Welcome back! Miss us? This is our first column since before the holidays, because Christmas and New Year's fell on the Tuesdays when Rule Breaker columns now appear. Wednesday holidays this year will earn the Rule Maker port the next two-week blackout. So there.

This week's column takes stock of the portfolio for 2001, and next week's will look ahead to this year. First, some words about the Rule Breaker strategy and its august history.

A word to the Foolish
Whether new to the strategy or a seasoned veteran, please, please, please take note: Rule Breaker investing is risky. In their book Rule Breakers, Rule Makers, David and Tom Gardner strongly advise that stock investors not invest more than 20% of their portfolio in risky companies of the Rule Breaker ilk, maintaining 80% or more in established, dominant, profitable, familiar companies, dubbed Rule Makers. That reflects the substantial risk of shares of top dogs and first movers in important, emerging industries.

Also, keep in mind that it's an investing strategy in development. It's a real-money (yup, it's David Gardner's actual cash) portfolio with all its good and bad choices in full public view, so we can all learn, debate, and throw tomatoes or roses. David and others crystallized ideas used in the original Fool Port, which purchased several of the stocks you see in the Rule Breaker port today-- AOL Time Warner (NYSE: AOL) in 1994, Amazon (Nasdaq: AMZN) in 1997, and Starbucks (Nasdaq: SBUX) in 1998 -- and christened them the Rule Breaker criteria. Then, lots of community feedback led to the Rule Breaker principles, and the Fool Port was officially renamed the Rule Breaker Portfolio in December of 1998.

The strategy keeps evolving, dividing the criteria into business (the most important) and stock criteria. A major change was adding the 10x/5y valuation-potential return component. The strategy will undoubtedly evolve more, slowly, as we learn and share.

You can learn the strategy at your own pace in our Rule Breaker Investing online seminar, which you can start anytime!    

Don't mimic us
While this portfolio has beaten various market averages, there is no guarantee that it will continue to do so, or for how long. Remember that all you have to do to match the broad market returns is to invest in a low-expense stock index fund, such as one that mirrors the S&P 500 or Wilshire 500 indexes. Here's what Tom Gardner wrote in 1998, and we still believe it today:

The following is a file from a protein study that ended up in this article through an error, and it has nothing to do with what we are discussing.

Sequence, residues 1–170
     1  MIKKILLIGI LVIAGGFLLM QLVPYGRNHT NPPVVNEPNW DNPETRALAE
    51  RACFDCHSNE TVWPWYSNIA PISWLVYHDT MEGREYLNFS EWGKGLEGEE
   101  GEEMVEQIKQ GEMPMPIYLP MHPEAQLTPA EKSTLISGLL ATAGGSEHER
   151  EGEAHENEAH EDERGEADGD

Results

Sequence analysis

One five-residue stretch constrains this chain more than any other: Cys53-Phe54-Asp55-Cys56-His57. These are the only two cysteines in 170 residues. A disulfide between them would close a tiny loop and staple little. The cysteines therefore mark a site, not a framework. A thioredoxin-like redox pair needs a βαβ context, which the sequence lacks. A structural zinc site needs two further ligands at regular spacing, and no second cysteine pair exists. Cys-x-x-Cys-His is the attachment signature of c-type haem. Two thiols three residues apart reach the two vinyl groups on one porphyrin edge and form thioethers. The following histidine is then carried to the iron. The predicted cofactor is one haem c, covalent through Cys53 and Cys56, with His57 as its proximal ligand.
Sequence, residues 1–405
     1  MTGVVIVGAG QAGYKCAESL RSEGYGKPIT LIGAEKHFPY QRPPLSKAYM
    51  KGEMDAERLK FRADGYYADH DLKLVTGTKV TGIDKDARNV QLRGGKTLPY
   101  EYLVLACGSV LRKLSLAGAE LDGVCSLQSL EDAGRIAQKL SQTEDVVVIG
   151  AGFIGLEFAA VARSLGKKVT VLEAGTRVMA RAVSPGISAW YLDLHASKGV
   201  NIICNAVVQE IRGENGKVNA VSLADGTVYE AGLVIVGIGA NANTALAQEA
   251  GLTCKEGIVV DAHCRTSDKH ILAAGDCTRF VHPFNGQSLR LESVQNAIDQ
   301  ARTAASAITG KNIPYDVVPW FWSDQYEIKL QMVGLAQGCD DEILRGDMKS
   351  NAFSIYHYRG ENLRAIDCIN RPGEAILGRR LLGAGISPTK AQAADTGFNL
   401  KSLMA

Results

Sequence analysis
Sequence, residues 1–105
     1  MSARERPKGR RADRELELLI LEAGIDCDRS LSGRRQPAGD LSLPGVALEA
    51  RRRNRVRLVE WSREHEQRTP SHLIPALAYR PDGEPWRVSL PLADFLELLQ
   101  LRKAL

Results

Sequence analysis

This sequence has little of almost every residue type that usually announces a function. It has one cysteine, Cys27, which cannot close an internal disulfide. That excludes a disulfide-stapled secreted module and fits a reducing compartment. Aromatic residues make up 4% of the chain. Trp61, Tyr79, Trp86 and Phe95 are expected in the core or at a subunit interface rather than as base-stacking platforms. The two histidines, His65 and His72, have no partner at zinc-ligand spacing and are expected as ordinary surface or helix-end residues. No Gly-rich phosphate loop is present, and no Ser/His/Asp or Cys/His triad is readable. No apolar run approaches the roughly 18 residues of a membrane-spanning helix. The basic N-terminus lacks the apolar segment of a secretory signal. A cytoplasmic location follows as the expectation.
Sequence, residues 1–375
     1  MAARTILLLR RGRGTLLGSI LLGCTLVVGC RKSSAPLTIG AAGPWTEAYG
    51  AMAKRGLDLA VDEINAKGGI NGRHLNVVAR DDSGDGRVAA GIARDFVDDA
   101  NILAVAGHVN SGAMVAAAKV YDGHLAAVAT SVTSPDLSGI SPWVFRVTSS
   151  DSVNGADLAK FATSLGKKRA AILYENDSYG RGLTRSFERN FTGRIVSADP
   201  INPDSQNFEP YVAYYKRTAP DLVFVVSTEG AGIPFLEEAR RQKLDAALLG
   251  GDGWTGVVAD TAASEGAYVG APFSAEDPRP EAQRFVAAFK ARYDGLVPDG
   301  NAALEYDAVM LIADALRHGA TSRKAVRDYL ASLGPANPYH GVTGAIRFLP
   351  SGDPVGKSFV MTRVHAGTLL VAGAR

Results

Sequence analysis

Fool, if you're looking to mimic or model investments off this portfolio, you still need to take personal responsibility for your decisions. We aren't money managers; we don't charge 1% of your total assets to allow you to access The Motley Fool Online. And, most importantly, we don't think you benefit by closing your eyes and outsourcing the management of your money, of your opportunity, to others.

If you prefer to have others do it for you, then just purchase shares of an S&P index fund, enjoy the long-term returns from America's five hundred largest companies, and methodically add savings to that fund. It's worth stating that this forum has never acted as a money-management vehicle. Every inch of our editorial material has stated and restated this principle: Take responsibility for your financial decisions, Fool, and treat the stock market as a long-term savings vehicle while you learn more about American business. Do not blindly rely on the ideas of anyone in this forum without doing your own research -- whether his name is Tom Gardner or her name is TMF Madonna.

Without taking that responsibility, you'll never enjoy the intellectual or monetary rewards of your efforts. You'll be weakened by speculative ignorance on a subject that you can so easily control (if through nothing else, through an index fund).

Here's our 2001 review. All share prices are split-adjusted.

Shorting and covering
We shorted Affymetrix (Nasdaq: AFFX), the maker of the GeneChipTM genetic testing and analysis system on June 21, 2001, and covered on Sept. 22 for a 31% gain in three months (a nice profit, especially sweet considering that we took some guff from one of our competitors). This short presented many risks, not the least of which is that stocks of unprofitable development-stage companies whose focus is some aspect of biotechnology are extraordinarily volatile. Need proof? Affymetrix has hovered around $40 a share the last few days -- about 167% up from our cover price. Whew!

No wonder shorting makes some people nervous, not least because it's done on margin and requires watching stock prices more closely than most of us would prefer. You can be a happy and successful investor without ever shorting a stock. If you want to learn more about it, consult our special Foolum opus, "Is Shorting Stocks Foolish?"